dummyTania Canas from the Australian organization RISE has published a list of 10 points for artists who want to create projects with refugees.

Canas emphasizes that artists would repeatedly display a limited understanding of their own biases and privileges.

A German translation of their recommendations can be found on the Kultur öffnet Welten website:

1. process, not product. We are not a resource that can be fed into your next project. You may be talented in your particular art, but don’t think that automatically leads to an ethical, responsible, and self-directed process. Deal with the developmental dynamics of groups, but also keep in mind that this is not an absolutely robust method. Who and which institutions benefit from this exchange?

2. critically question your intentions. Our struggle is not an opportunity for you as an artist, and our bodies are not a currency with which you can advance your career. Instead of focusing only on the “other” (“where do I find refugees”…etc.), subject your own intentions to critical, reflexive analysis. What is your motivation to work on this particular topic? And why now of all times?

3. be aware of your own privileges. Where are you biased, and what intentions, even if you think they are “good,” do you harbor? What social position (and power) do you bring to the table? Be aware of how much space you are taking up. Be clear about when you need to take a step back.

4. participation is not always progressive or empowering. Your project may have elements of participation, but be aware that this can also be limiting, tokenistic, and condescending. Your call for the community to share their stories could also weaken us. What framework have you set up for our participation? What power relations are you reinforcing with these conditions? What relationships do you make? (e.g., informant vs. expert; embassy vs. ambassador).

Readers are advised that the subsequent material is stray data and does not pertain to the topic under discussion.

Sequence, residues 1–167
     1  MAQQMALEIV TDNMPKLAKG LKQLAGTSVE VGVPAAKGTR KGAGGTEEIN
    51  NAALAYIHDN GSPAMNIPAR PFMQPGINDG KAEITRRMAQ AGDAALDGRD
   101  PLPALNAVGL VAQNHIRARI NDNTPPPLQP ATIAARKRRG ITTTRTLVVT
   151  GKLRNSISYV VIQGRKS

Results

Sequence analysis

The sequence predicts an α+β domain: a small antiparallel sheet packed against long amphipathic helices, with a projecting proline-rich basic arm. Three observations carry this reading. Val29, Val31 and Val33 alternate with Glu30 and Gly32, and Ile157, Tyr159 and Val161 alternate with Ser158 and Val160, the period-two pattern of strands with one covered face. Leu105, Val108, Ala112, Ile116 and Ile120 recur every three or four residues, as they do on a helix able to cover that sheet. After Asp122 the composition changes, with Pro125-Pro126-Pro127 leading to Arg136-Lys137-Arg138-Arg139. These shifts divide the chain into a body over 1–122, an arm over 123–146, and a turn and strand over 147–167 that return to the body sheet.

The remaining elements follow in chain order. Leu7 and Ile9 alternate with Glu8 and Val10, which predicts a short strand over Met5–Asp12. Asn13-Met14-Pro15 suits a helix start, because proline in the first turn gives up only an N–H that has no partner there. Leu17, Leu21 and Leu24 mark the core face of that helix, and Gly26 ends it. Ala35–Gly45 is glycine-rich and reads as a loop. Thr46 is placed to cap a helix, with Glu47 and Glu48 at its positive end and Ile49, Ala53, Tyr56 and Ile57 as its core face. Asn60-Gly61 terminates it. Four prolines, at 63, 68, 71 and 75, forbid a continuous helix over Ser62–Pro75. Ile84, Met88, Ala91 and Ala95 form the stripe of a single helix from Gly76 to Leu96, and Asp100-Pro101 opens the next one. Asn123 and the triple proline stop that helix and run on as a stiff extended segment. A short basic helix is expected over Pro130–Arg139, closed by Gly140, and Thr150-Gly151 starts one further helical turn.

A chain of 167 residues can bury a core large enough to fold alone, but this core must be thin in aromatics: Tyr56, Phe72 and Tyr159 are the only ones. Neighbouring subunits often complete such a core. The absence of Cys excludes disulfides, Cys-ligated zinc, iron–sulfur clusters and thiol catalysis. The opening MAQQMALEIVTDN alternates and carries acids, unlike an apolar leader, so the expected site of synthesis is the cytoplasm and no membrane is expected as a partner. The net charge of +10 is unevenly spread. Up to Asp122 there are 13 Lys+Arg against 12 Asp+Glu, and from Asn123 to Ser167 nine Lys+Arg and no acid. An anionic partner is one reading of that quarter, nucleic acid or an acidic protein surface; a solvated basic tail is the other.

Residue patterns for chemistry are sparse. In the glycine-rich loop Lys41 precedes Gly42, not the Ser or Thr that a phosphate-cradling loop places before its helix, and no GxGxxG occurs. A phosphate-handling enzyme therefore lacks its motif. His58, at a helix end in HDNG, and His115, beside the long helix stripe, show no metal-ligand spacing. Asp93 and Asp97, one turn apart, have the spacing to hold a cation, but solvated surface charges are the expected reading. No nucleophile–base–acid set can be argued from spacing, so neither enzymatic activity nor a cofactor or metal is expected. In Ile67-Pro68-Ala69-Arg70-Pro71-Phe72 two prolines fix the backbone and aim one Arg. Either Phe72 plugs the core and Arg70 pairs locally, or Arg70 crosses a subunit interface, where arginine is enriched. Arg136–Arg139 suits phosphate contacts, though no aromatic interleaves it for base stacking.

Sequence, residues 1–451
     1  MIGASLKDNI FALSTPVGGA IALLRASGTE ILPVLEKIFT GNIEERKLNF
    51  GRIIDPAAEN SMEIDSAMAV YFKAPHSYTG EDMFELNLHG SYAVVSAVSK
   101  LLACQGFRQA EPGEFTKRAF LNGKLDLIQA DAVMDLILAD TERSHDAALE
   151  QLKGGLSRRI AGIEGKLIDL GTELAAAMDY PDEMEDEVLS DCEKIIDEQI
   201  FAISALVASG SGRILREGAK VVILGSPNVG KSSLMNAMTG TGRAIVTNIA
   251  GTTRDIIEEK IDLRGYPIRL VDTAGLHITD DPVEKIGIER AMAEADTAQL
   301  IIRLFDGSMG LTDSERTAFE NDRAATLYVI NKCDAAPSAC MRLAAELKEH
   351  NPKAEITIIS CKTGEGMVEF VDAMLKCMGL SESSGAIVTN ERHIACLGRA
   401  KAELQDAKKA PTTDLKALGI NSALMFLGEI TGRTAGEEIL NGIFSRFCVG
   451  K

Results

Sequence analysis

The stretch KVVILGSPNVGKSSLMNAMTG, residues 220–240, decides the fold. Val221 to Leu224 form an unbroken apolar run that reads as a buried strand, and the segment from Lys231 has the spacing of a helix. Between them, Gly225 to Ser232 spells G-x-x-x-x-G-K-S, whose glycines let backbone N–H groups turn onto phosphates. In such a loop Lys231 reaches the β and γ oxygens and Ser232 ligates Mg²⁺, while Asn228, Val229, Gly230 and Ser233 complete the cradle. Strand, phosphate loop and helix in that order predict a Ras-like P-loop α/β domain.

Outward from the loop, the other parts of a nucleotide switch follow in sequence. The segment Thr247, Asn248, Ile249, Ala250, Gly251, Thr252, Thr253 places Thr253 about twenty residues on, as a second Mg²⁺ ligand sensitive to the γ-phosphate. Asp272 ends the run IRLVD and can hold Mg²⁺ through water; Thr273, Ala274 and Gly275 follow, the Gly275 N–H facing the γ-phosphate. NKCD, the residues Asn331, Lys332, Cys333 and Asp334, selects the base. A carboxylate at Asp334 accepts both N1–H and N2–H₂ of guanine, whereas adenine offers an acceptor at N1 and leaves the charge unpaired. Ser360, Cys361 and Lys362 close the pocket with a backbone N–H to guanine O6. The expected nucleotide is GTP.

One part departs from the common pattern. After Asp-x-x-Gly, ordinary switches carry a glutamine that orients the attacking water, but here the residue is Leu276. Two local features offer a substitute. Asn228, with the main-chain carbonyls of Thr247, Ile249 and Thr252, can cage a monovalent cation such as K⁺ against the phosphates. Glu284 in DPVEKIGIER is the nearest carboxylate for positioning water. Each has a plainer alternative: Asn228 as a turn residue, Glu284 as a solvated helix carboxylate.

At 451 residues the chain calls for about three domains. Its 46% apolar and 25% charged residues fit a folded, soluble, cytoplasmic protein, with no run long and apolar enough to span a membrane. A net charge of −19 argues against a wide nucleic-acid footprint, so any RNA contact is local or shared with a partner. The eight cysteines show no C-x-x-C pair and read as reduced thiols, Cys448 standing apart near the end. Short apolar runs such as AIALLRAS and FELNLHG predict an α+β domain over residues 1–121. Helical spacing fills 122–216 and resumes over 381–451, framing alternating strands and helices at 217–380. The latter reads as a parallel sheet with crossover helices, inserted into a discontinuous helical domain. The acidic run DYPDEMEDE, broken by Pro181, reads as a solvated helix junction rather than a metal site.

5. presentation versus representation. Know and notice the difference!

6. just because you say so does not make this a protected space. This requires long grassroots work, solidarity and dedication.

7. do not expect gratitude from us. We are not your next interesting art project. We are not sitting here waiting for our struggle to be recognized by your personal consciousness or to be brought into the light through your artistic practice.

8. don’t reduce us to one topic. We are people with experience, knowledge and skills. We can talk about many things; don’t reduce us to one narrative.

9. get informed. Know the solidarity work already done. Notice the subtle differences between organizations and projects. Just because we work with the same community doesn’t mean we work the same way.

10. art is not neutral. Our community is politicized, and every work of art made with or by us is inherently political. If you want to work with our community, you must realize that your artistic practice cannot be neutral.

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